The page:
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What happens when a Certified Sports Nutritionist is diagnosed with Celiac Disease? An action plan like no other, designed in a format that can be read and applied the same day. This book is every Celiac’s most needed friend. Firstly, a list of safe and unsafe ingredients in a slim, pocketbook format that makes it easy to have on hand while grocery shopping or carry anywhere. (note: not a grocery guide – as those can be outdated before even printed! manufacturers change ingredients very often. this guide provides actual ingredients you can check on labels which is the only way to eat safely) Also included: where to look for hidden dangers, food processing information, vitamin and supplement requirements, a small section addressing Celiac’s relation to depression, and several ideas on how to make a smooth – even enjoyable – transition to living a gluten free life. How is all this packed into a small guide that fits in a purse? The author has a rare ability to zero in on the facts that matter and deliver them in a summarized, concise, very easy to read style. Probably the only book on the subject written in as close to point form as possible. The reader will not need to sort through hundreds of pages to find what they need. This guide is not meant to be an encyclopedia discussing Celiac; written in such a condensed way, every sentence on every page counts. An absolutely indispensable guide for every Celiac.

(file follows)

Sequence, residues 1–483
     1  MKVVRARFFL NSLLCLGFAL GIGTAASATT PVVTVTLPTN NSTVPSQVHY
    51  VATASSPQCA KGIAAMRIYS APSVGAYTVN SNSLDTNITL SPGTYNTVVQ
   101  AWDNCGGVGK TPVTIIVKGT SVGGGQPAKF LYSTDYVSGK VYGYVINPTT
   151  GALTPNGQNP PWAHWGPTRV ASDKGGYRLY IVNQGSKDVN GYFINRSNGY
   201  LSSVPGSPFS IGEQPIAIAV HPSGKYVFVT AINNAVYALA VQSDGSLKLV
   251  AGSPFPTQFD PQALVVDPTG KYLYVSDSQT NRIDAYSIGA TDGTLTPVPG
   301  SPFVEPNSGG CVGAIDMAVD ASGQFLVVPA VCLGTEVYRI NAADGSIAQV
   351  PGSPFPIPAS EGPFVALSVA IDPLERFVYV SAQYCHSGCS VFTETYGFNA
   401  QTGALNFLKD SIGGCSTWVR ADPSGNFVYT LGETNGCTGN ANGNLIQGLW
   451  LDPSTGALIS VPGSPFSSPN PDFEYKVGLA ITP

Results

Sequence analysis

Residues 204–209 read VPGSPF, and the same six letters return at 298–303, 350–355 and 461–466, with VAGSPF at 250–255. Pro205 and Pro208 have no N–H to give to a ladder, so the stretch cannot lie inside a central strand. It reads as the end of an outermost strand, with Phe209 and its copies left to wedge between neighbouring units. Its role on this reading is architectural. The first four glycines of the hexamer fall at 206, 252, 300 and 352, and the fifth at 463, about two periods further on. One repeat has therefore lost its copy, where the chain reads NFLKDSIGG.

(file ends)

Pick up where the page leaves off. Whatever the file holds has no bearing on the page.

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Related Celiac Products
125 Best Gluten-Free Recipes features the type of sensational food that is typically avoided in gluten-free diets. Tasty and innovative recipes for everything from baked goods, pasta dishes, appetizers and family meals to mouth-watering desserts. These are recipes everyone can enjoy, whether they are affected by gluten intolerance or not.